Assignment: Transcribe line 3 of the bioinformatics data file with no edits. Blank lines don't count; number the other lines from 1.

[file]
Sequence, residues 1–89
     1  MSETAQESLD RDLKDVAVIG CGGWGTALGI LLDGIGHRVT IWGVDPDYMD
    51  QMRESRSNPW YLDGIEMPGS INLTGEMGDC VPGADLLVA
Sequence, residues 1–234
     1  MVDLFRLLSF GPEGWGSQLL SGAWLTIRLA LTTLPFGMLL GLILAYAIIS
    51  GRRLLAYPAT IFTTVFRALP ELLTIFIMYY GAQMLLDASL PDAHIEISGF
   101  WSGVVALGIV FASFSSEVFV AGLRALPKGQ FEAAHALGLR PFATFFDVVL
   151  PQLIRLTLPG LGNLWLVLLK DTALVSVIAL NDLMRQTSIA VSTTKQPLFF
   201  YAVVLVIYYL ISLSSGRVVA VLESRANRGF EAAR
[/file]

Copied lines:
    51  QMRESRSNPW YLDGIEMPGS INLTGEMGDC VPGADLLVA